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Psych: “The Amazing Psych-Man & Tap Man, Issue #2”

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Last week Psych did a vampire themed episode, but this week the flashback that opens “The Amazing Psych-Man and Tap Man, Issue #2” could pass for the beginning of a Halloween episode as well, putting the young Shawn and Gus into costumes. Given that last week’s Halloween episode did just fine, it’s a good omen. This time, Psych puts forth a superhero theme that once again thankfully veered away from common trends of today, just like the vampire episode staying away from Twilight and other recent popular vampire media. No gritty reboot for this episode, which thankfully stuck to more of a comic-book style instead of the comic-book film adaptation style, right down to animating the transitions to commercial breaks and flipping the page.


The case of the week sees the Santa Barbara police cracking down on a gang of cocaine traffickers, while also dealing with a masked vigilante known as The Mantis who keeps beating them to crime scenes. Juliette seems mildly impressed by the feats, which sends Shawn into a fit of jealousy that leads to some great exchanges with Gus. Lassiter is sidelined for most of the episode, with a few lines here and there for his usual bit of attitude—and when that happens, I tend to get worried.

“The Amazing Psych-Man & Tap Man, Issue #2” is a Shawn-centric episode for the most part, but what helps keep things light and away from the dangerous territory where James Roday comes off as incredibly annoying and way too arrogant is some surprisingly clever writing. As I said in my comments on the season première, one of my biggest problems with Psych is its tendency to make the Santa Barbara police officials—people who are supposed to be smart and capable of doing their job—look like idiots when they fall for Shawn’s psychic act during a case. There is a really nice reversal in tonight’s episode with how jealous Shawn gets of The Mantis. When Juliette notes that the vigilante is just a normal citizen overpowering the drug traffickers, Gus cuts in and notes that Shawn isn’t a normal citizen, thanks to all his “psychic powers” that don’t exist. It’s a nice bit of dramatic irony that earns a good laugh, and it sends Shawn into even more of a conniption fit as he struggles to find something wrong with The Mantis. It’s an even better twist when Shawn finally gets what he wants, finding The Mantis on a rooftop hovering over a body riddled with bullets, but his observational gifts notice some incongruities that point to The Mantis’ innocence, and Gus calls him on it.


Though it is a superhero-themed episode, there aren’t too many overt comic book references in “The Amazing Psych-Man & Tap Man, Issue #2”—outside of requisite name drops to vigilantes like Batman and Iron Man—until the final fight sequence when Gus and Shawn team up with The Mantis, bringing back their flashback identities as The Catch and Tap Man. The sequence looks influenced by the Adam West Batman television series, complete with “POW” and “WHIFF” inserts on signs and panes of glass in the background. That’s a nice touch, and much better for the tone of the show than trying to imitate the recent string of comic book adaptations in the “gritty reboot” category. The goofy, slapstick attitude of Batman works well when integrated here.

The final twist is obvious, mainly because the final detail that all the drug money was missing gets dropped with all the subtlety of a hand grenade, and there are a few too many minutes of the episode left for things to wrap up neatly. The Mantis isn’t trying to stop the drug runners for honorable reasons. He’s just trying to take their money. That’s fine, since the final mini-chase gives Shawn’s alter-ego The Catch some more legitimacy, blocking punches with his mitt and making a nice home plate stop to get the out. Even if Shawn makes an eye roll-inducing joke like “Nobody steals on The Catch,” it’s okay.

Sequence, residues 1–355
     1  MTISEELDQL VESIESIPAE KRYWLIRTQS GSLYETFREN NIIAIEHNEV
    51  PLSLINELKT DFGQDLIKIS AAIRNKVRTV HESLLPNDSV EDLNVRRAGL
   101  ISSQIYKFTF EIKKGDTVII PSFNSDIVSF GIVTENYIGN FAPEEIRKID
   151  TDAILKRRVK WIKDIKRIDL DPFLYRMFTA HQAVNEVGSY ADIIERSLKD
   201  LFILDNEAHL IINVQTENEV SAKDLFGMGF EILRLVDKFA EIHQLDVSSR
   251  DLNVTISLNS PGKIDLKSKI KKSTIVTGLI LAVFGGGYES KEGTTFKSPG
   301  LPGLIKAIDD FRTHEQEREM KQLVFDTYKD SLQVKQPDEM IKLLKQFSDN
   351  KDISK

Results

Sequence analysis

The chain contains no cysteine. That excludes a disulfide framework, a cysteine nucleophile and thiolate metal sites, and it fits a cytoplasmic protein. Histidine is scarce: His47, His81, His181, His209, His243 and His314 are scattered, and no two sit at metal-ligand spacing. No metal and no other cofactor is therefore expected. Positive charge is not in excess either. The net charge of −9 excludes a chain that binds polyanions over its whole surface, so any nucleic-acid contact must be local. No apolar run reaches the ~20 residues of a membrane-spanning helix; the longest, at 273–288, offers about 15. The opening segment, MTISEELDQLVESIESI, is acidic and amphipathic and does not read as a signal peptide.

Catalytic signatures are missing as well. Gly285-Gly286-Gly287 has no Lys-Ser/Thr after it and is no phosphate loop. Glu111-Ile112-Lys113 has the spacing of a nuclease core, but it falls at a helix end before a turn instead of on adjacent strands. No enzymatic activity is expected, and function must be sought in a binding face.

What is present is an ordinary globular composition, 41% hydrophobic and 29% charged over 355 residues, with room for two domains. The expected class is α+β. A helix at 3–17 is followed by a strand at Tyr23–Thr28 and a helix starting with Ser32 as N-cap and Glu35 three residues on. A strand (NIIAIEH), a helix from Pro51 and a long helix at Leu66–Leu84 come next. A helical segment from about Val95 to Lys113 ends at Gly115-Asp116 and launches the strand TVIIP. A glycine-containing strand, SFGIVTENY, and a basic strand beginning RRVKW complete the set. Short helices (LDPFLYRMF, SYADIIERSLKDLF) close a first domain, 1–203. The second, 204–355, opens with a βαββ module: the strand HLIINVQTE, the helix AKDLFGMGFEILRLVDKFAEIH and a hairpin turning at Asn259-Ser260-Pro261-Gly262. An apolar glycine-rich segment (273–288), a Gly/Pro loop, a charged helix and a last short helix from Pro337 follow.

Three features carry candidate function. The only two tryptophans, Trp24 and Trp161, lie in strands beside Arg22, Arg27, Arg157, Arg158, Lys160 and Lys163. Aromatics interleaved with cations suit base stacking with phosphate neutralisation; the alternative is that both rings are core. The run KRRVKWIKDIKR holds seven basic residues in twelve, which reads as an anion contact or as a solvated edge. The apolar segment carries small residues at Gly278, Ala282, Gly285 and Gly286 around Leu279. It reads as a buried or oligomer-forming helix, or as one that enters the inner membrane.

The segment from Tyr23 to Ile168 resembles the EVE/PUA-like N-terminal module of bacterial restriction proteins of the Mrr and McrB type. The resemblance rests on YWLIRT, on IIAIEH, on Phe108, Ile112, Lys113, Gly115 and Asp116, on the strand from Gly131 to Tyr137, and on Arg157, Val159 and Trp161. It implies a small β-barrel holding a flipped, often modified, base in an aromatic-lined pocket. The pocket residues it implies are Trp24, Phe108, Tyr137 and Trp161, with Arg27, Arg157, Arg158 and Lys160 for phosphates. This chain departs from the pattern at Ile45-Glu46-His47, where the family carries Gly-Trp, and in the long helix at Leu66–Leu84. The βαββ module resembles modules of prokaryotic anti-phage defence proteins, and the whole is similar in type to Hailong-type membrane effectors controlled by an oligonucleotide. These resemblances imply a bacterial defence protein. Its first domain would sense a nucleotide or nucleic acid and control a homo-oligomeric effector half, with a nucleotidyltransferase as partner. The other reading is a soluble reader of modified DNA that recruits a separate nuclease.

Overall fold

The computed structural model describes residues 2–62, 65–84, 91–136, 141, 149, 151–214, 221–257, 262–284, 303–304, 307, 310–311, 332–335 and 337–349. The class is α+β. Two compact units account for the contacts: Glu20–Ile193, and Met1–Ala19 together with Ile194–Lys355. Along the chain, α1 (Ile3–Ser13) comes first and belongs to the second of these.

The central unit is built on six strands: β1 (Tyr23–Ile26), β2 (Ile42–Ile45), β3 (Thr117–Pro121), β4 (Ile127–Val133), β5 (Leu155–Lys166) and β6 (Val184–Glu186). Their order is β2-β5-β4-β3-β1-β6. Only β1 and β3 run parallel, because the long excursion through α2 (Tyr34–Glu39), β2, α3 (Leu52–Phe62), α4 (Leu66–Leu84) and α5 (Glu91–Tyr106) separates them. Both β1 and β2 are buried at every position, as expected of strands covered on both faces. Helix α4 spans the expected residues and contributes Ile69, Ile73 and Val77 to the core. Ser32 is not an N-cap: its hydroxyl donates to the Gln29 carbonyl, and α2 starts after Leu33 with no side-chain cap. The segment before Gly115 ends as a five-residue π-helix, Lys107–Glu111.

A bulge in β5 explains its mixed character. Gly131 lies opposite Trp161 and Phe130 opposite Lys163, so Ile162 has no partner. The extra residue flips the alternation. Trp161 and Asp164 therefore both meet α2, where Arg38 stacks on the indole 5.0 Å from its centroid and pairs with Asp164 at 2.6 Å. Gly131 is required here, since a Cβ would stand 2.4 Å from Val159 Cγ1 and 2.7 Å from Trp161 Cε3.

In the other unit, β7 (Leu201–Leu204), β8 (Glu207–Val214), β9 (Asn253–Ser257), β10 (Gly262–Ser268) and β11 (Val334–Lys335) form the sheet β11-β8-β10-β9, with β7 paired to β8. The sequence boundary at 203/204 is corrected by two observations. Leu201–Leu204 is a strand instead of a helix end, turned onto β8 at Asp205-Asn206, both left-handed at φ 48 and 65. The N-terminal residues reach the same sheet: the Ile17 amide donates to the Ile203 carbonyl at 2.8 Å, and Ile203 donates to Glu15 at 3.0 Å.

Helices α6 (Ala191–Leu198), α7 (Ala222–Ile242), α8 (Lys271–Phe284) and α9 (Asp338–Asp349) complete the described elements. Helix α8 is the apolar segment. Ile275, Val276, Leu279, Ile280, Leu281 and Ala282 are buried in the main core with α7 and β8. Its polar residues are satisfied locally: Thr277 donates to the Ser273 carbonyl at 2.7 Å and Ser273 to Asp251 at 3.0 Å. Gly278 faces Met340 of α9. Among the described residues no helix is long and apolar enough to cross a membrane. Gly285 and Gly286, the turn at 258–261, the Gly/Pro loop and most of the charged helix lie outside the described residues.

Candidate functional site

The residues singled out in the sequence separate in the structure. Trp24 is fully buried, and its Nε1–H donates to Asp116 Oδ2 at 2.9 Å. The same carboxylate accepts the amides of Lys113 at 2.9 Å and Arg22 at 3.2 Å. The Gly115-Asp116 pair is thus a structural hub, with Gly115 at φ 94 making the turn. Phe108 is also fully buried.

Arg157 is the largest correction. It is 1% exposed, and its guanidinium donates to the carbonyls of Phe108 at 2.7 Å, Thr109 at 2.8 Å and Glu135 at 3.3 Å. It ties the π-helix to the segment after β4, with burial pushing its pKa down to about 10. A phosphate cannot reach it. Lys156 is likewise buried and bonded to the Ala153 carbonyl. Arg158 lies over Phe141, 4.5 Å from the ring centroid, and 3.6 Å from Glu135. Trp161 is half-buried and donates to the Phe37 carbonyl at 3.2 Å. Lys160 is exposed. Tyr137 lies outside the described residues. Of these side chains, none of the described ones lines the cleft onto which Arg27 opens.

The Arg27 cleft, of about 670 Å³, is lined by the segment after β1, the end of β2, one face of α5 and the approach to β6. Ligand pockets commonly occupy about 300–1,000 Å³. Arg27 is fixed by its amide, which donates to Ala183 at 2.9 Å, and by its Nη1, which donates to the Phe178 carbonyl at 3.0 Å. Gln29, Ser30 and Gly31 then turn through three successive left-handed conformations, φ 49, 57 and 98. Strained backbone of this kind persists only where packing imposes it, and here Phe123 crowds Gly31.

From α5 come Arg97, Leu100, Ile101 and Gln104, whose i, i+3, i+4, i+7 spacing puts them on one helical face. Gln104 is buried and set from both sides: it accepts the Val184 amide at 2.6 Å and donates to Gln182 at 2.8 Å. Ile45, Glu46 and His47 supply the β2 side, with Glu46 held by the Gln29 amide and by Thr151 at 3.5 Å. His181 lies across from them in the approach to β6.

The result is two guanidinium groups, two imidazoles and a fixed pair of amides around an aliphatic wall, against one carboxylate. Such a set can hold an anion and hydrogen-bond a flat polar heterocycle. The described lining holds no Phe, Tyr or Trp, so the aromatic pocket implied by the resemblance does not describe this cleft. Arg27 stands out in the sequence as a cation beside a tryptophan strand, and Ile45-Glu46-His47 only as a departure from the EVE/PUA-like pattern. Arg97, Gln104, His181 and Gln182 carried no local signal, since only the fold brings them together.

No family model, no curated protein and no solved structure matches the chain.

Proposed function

Psych is incredibly cheesy and soft. Its sense of humor isn’t for viewers looking for gut-busting laughter or innovative jokes. They’re highly nostalgic and referential, and nothing about the format or the characters can change after so little has happened to them over five seasons. But when the show finds the right way for Shawn to use his gifts—by not getting self-indulgent and recognizing his own character flaws —and throws in a bunch of silly humor that works, it’s a very relaxing hour of light comedy. I feel like I say this every week, but Psych isn’t earth-shattering, it’s merely competent. That’s more than I can say for a lot of programs that have gone off the air since it debuted.

Stray observations:

  • I can’t quite put my finger on what it was, but the visual style tonight seems particularly well done. I want to say that the early scenes in the station had different lighting than a lot of the episodes that take place in broad daylight. Perhaps that’s it.
  • The easy California joke to make in regards to the Santa Barbara police looking for cocaine in town? Start canvassing UCSB. That was always one of those pesky rumors about the otherwise decent member of the UC system.
  • Again, just as in the vampire episode, there’s some pretty forced humor about homosexuality that never quite feels right involving the guest star Joey McIntyre as a new cop transferred from Ventura. They’re cheap laughs, and since they don’t really work, I wish the show would cut them out for good.
  • No Woody the Coroner tonight. He’s not a regular, but he’s so funny that I had to note the absence.
  • The reporter has to follow where Rob Lowe eats every meal, but Gus already knows the dinner location: Lucky’s.
  • “Don’t think I’ve forgotten about the Detective Dipstick incident.”
  • “Damn it, I had a handful of gummy worms in my jacket that he probably won’t even eat!”

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